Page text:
Chisholm, Martin, Hypozincemia, ageusia dysgeusia and toilet tissue pica, J Natl Med Assoc
Diaz-Curiel, Cabello, Arboiro-Pinel, Mansur, Heili-Frades et al., The relationship between 25(OH) vitamin D levels and COVID-19 onset and disease course in Spanish participants, J Steroid Biochem Mol Biol, doi:10.1016/j.jsbmb.2021.105928
Gasmi, Peana, Pivina, Srinath, Benahmed et al., Interrelations between COVID-19 and other disorders, Clin Immunol, doi:10.1016/j.clim.2020.108651
Hemila, Chalker, Vitamin C and zinc lozenges for COVID-19?, J Am Pharm Assoc, doi:10.1016/j.japh.2021.05.018
Hyams, Marlow, Maseko, King, Ward et al., Effectiveness of BNT162b2 and ChAdOx1 nCoV-19 COVID-19 vaccination at preventing hospitalizations in people aged at least 80 years: a test-negative, case-control study, Lancet Infect Dis, doi:10.1016/S1473-3099(21)00330-3
Mariani, Neri, Cattini, Mocchegiani, Malavolta et al., Effect of zinc supplementation on plasma IL-6 and MCP-1 production and NK cell function in healthy elderly: interactive influence of +647 MT1a and−174 IL-6 polymorphic alleles, Exp Gerontol, doi:10.1016/j.exger.2007.12.003
Marreiro, Cruz, Oliveira, Morais, Freitas et al., Antiviral and immunological activity of zinc and possible role in COVID-19, Br J Nutr, doi:10.1017/S0007114521002099
Matteo, Giovanni, The malnutritional status of the host as a virulence factor for new coronavirus SARS-CoV-2, Front Med, doi:10.3389/fmed.2020.00146
Mayor-Ibarguren, Busca-Arenzana, Robles-Marhuenda, A hypothesis for the possible role of zinc in the immunological pathways related to COVID-19 infection, Front Immunol, doi:10.3389/fimmu.2020.01736
Mcmillan, Rowe, Clinical significance of diurnal variation in the estimation of plasma zinc, Clin Exp Derm, doi:10.1111/j.1365-2230.1982.tb02488.x
Mocchegiani, Romeo, Malavolta, Costarelli, Giacconi et al., Zinc: dietary intake and impact of supplementation on immune function in elderly, Age, doi:10.1007/s11357-011-9377-3
Pathania, Bhardwaj, Pathania, Rathaur, Amisha, A review on exploring evidence-based approach to harnessing the immune system in times of corona virus pandemic: Best of modern and traditional Indian system of medicine, J Fam Med Prim Care, doi:10.4103/jfmpc.jfmpc_504_20
Perera, Khoury, Chinni, Bolton, Qu et al., Randomised controlled trial for high-dose intravenous zinc as adjunctive therapy in SARS-CoV-2 (COVID-19) positive critically ill participants: trial protocol, BMJ Open, doi:10.1136/bmjopen-2020-040580
Prasad, Discovery of human zinc deficiency: its impact on human health and disease, Adv Nutr, doi:10.3945/an.112.003210
Rani, Goyal, Bhatnagar, Manhas, Goel et al., Potential molecular mechanisms of zinc-and copper-mediated antiviral activity on COVID-19, Nutr Res, doi:10.1016/j.nutres.2021.05.008
Skalny, Rink, Ajsuvakova, Aschner, Gritsenko et al., Zinc and respiratory tract infections: perspectives for COVID-19
Trujillo-Mayol, Guerra-Valle, Casas-Forero Nidia, Sobral, Viegas, Western dietary pattern antioxidant intakes and oxidative stress: importance during the SARS-CoV-2/COVID-19 pandemic, Adv Nutr, doi:10.1093/advances/nmaa171
Velthuis, Van Den Worm, Sims, Baric, Snijder et al., Zn2+ Inhibits coronavirus and arterivirus rna polymerase activity in vitro and zinc ionophores block the replication of these viruses in cell culture, PLoS Pathogens, doi:10.1371/journal.ppat.1001176
Who, None
Yasui, Yasui, Suzuki, Saitou, Yamamoto et al., Analysis of the predictive factors for a critical illness of COVID-19 during treatmentrelationship between serum zinc level and critical illness of COVID-19, Int J Infect Dis, doi:10.1016/j.ijid.2020.09.008
Zhang, Wu, Li, Zhao, Wang, Cytokine release syndrome in severe COVID-19: interleukin-6 receptor antagonist tocilizumab may be the key to reduce mortality, Int J Antimicrob Agents, doi:10.1016/j.ijantimicag.2020.105954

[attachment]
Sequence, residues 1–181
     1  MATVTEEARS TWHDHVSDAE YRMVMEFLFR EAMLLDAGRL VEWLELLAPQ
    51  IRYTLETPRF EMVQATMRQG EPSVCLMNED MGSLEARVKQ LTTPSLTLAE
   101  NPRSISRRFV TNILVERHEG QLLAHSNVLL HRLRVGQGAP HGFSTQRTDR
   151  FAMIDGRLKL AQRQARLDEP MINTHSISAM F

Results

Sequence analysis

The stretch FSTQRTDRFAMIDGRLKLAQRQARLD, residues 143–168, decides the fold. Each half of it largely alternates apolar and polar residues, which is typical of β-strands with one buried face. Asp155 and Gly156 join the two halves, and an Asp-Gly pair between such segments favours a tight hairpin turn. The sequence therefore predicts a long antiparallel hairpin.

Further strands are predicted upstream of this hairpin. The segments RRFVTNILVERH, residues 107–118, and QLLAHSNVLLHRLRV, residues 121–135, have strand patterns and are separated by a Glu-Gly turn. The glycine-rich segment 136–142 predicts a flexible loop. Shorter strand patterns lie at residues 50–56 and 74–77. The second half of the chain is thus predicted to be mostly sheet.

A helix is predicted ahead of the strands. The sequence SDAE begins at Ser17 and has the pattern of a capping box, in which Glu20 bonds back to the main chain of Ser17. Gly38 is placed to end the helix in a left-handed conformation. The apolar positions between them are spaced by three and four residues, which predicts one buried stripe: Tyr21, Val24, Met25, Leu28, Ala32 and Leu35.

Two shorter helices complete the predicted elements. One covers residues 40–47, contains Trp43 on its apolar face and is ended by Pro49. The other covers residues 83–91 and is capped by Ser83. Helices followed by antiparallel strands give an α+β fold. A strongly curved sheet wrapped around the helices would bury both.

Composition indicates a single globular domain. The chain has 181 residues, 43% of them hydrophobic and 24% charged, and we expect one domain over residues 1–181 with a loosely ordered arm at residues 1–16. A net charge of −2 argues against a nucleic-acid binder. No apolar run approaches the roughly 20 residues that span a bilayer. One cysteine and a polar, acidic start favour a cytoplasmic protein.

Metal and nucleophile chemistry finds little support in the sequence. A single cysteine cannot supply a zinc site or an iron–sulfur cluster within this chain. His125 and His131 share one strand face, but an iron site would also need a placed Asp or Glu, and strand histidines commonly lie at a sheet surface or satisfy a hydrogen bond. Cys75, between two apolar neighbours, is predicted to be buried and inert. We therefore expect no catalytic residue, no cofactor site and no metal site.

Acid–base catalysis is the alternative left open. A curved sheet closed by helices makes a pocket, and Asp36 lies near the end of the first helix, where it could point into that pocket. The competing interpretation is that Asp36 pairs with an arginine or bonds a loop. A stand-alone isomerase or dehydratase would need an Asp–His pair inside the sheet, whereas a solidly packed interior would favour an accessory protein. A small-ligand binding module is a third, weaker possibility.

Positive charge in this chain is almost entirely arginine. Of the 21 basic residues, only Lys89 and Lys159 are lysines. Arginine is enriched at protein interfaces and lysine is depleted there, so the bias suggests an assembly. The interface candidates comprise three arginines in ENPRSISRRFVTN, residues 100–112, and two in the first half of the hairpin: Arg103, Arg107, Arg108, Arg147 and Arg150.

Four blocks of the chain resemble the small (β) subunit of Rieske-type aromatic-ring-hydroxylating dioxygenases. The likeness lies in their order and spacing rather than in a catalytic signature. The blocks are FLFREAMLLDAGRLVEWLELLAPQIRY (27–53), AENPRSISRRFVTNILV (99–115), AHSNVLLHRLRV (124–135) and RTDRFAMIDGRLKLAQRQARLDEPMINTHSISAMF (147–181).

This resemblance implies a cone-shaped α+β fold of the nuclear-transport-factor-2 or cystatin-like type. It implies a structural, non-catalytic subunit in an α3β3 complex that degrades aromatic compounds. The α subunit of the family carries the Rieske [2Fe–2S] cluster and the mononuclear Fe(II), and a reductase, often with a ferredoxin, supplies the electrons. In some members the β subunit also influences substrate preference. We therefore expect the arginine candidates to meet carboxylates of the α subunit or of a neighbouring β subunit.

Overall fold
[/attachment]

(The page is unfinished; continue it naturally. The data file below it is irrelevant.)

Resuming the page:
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Efforts to reduce the ' 'disease burden and mortality over the course of the pandemic have focused on research to ' 'rapidly determine age-stratified seroepidemiologic surveys, a centralized research program to ' 'fast-track the most promising rapid diagnostics and serologic assays, and the testing of ' 'potential anti-viral agents, immunologic therapies, and vaccine candidates. Despite the lack ' 'of official recognition for the role of nutrition in the fight against COVID-19 infection, ' 'multiple groups proposed zinc supplementation as an adjuvant for the management of ' 'participants.</jats:p><jats:p><jats:bold>Method:</jats:bold> In an ambulatory, ' 'interventional, prospective, single-blind study, we evaluated the effectiveness of zinc ' 'supplementation in the prevention and mitigation of COVID-19 in two similar participant ' 'groups. In Clinic A (<jats:italic>n</jats:italic> = 104) participants were randomized to ' 'receive 10 mg, 25 mg, or 50 mg zinc picolinate daily, and Clinic B control participants ' 'paired according to their demographics and clinical parameters (<jats:italic>n</jats:italic> ' '= 96). All participants were compared based on demographics, clinical comorbidities, blood ' 'counts, renal functions, vitamin D levels, and their development of symptomatic COVID-19 ' 'infection.</jats:p><jats:p><jats:bold>Results:</jats:bold> Symptomatic COVID-19 infection was ' 'significantly higher among the control group participants (<jats:italic>N</jats:italic> = 9, ' '10.4%) than the treatment participants (<jats:italic>N</jats:italic> = 2, 1.9%), ' '<jats:italic>p</jats:italic> = 0.015. The unadjusted odds ratio indicates that symptomatic ' 'COVID-19 infection was 5.93 [95% CI: 1.51, 39.26] higher in the control group, ' '<jats:italic>p</jats:italic> &amp;lt; 0.01. Controlling for co-morbidities, individuals in ' 'the control group were 7.38 (95% CI: 1.80, 50.28) times more likely to develop symptomatic ' 'COVID-19 infection as compared with individuals in the treatment group ' '(<jats:italic>p</jats:italic> &amp;lt; 0.01). For every-one unit increase in the number of ' 'co-morbidities, the likelihood of developing symptomatic COVID-19 infection increased 1.57 ' '(95% CI: 1.16, 2.19) (<jats:italic>p</jats:italic> = ' '0.01).</jats:p><jats:p><jats:bold>Discussion:</jats:bold> The findings from our study suggest ' 'that zinc supplementation in all three doses (10, 25, and 50 mg) may be an effective ' 'prophylaxis of symptomatic COVID-19 and may mitigate the severity of COVID-19 ' 'infection.</jats:p><jats:p><jats:bold>Conclusion:</jats:bold> Zinc is a relatively ' 'inexpensive mineral nutrient that is an effective prophylactic agent to prevent and mitigate ' 'the potentially deadly symptomatic SARS-CoV-2 infection. 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